As tasks go, transporting four Asian elephants 140 miles up one of Britain’s biggest motorways is a pretty mammoth one.
Elephants have been known to die in transit, and sedating them carries some risks.
In this film, previously shown on BBC West Midlands, we follow the brave keepers of Leicestershire’s Twycross Zoo, who have worked for months to prepare their all-female herd for the journey to their new home at Blackpool Zoo – all part of an important breeding programme aimed at reversing the decline of Asian elephants.
Producer Karen Kenworthy tells TV Times how the elephants were prepared…
‘It took a year of training before the elephants were ready for moving day,’ says Karen.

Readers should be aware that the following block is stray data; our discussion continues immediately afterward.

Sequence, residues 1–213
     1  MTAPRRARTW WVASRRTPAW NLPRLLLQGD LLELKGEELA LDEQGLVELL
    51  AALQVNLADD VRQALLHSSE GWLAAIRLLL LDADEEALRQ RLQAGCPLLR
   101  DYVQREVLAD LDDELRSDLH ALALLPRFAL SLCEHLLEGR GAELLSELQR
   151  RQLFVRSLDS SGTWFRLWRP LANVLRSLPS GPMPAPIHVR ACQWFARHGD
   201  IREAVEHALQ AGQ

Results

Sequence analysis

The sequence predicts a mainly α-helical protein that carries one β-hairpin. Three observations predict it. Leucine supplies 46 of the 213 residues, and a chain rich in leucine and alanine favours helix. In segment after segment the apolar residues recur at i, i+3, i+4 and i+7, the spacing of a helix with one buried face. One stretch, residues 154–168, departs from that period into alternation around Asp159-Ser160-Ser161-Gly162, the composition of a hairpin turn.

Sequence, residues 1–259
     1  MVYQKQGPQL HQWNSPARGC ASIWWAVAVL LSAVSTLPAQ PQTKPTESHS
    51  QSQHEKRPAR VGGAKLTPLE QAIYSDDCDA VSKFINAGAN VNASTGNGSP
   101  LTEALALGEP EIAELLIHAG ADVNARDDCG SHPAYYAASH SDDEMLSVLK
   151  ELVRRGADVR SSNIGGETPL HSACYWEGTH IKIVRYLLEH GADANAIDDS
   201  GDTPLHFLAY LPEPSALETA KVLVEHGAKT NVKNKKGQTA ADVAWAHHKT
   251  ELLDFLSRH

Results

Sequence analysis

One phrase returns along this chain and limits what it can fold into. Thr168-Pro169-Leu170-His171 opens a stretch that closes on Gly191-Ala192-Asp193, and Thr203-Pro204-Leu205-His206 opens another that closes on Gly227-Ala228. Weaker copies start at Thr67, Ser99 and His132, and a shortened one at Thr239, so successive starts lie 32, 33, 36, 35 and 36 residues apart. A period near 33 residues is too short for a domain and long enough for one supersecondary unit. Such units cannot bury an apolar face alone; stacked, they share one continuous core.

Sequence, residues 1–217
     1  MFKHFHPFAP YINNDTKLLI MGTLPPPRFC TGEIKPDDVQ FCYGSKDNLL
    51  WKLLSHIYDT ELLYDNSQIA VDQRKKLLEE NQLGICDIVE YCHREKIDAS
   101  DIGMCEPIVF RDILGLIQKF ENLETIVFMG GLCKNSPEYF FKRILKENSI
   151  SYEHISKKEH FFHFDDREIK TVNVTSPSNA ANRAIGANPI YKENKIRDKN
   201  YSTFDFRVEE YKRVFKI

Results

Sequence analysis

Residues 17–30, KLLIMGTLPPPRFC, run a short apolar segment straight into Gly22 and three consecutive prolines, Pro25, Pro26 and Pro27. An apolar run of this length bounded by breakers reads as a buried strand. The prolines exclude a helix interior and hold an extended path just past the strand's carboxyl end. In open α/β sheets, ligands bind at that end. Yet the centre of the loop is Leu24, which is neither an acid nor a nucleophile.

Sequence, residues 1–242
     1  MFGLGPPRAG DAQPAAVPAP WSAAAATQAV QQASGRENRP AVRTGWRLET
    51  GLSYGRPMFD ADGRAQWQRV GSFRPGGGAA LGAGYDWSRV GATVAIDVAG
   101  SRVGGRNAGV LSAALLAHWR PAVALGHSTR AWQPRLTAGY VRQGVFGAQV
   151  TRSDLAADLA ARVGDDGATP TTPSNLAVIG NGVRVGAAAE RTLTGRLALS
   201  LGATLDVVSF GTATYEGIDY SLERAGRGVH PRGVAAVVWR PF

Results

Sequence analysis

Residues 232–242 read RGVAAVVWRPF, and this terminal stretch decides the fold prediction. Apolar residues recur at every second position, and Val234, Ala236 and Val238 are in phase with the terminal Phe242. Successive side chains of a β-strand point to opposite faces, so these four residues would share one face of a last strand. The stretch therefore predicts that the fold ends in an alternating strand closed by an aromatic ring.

‘The keepers used reward-based training and bucket loads of fruit! It was very elephant-led and there was never any direct contact with the animals, so if the elephant didn’t want to get into the crate on any particular day, they wouldn’t!
‘The crates were on site for months and the elephants could just wander in and out at first. They weren’t shut in them initially either – it was all done at their pace!
‘In the past, elephants would have been sedated to be transported like that, but they’re very sensitive animals and that would have distressed them more. It’s a cliché but elephants have long memories and the Twycross keepers didn’t want to give them an unsettling experience as they started their new life at Blackpool Zoo,’ explains Karen.
Cameras follow the elephants in the run-up to the move, but when the big day dawns, not all of them are happy to cooperate…
Please note this programme airs on Wednesday in Wales
TV Times rating: ***